• Warrantless Searches and Consent Granted by Houseguests
  • December 12, 2013 | Authors: Tamara Bogosian; G. Ross Trindle
  • Law Firms: Best Best & Krieger LLP - Irvine Office ; Best Best & Krieger LLP - Los Angeles Office
  • Overview: The Ninth Circuit recently reversed a trial court’s denial of a motion to suppress the fruits of a home search. The court found the government had the burden of establishing a houseguest had the “apparent authority” to consent to search of “specific areas” where DEA agents ultimately found narcotics. The panel held the DEA agents had limited knowledge about the residence to hold an objectively reasonable belief the houseguest could consent to a search of the master bedroom and bathroom or the areas beyond a door inside the master bedroom. The court also found the “protective sweep” and “plain view” doctrines did not apply.

    Training Points: Law enforcement conducting a warrantless search of a residence based upon consent provided by a person present in the residence (who may or may not be a “houseguest”), should gather information about the legal occupants of the residence prior to entering. Further, it is important to ask for and receive identifying information from the “houseguests” and information about their control or authority over the residence. Where necessary and supported, officers should obtain permission from the person to search the “entire premises.” Such information helps to insulate the consensual search from a motion to suppress.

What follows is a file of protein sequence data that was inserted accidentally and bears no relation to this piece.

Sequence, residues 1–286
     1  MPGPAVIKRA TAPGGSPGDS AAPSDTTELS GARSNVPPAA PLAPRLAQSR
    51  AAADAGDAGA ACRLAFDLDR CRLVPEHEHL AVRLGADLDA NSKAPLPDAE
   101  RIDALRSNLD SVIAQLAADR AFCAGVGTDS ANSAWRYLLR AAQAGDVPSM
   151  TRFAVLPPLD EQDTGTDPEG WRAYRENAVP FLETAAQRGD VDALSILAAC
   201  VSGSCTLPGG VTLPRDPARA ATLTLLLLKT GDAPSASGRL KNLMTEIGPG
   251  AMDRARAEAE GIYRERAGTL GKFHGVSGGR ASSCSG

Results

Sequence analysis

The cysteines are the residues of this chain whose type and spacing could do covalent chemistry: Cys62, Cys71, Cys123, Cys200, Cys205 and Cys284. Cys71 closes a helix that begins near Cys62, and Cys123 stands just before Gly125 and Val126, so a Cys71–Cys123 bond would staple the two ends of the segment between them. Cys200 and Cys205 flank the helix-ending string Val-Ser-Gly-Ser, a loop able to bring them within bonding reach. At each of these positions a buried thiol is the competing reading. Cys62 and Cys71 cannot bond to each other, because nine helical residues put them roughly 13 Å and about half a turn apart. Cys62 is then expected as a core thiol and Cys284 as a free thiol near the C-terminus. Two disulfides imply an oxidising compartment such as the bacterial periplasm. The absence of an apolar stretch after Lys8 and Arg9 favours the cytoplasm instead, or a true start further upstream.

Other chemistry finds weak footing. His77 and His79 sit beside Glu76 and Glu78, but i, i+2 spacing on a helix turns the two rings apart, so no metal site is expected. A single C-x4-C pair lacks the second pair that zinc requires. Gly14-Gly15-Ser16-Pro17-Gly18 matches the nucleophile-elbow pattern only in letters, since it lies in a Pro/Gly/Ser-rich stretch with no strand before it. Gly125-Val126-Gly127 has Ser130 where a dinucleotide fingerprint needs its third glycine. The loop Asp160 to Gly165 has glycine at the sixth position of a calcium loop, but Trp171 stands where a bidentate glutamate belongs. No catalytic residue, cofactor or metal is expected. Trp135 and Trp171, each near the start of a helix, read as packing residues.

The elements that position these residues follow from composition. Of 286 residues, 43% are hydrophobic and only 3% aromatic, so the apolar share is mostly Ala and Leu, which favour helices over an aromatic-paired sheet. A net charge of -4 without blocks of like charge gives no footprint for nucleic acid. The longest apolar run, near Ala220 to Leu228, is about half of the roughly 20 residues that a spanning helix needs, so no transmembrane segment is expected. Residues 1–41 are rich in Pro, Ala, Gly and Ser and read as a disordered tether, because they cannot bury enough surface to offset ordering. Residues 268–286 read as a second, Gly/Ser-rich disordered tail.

Summary Analysis: In U.S. v. Arreguin, Arreguin was charged with and pled guilty to narcotics offenses after DEA agents located narcotics during a search of his residence. DEA agents were conducting a “knock and talk” investigation at a residence. Upon arrival, the agents asked a “houseguest” if they could “look around” the residence but did not request permission to search the entire premises. Upon entry, the agents rushed in and quickly began rummaging through the residence inspecting various rooms. They not only entered the master suite, but also entered an area beyond a second door located inside the master suite. The court noted that the agents knew virtually nothing about: (1) the houseguest; (2) the various separate rooms and areas inside the residence; or (3) the nature and extent of the houseguest’s connection to those separate areas. The court found the agents knew far too little to hold an objectively reasonable belief that the houseguest could consent to a search of those areas. There was no evidence the houseguest had joint use, access or control over the master bedroom and master bathroom area.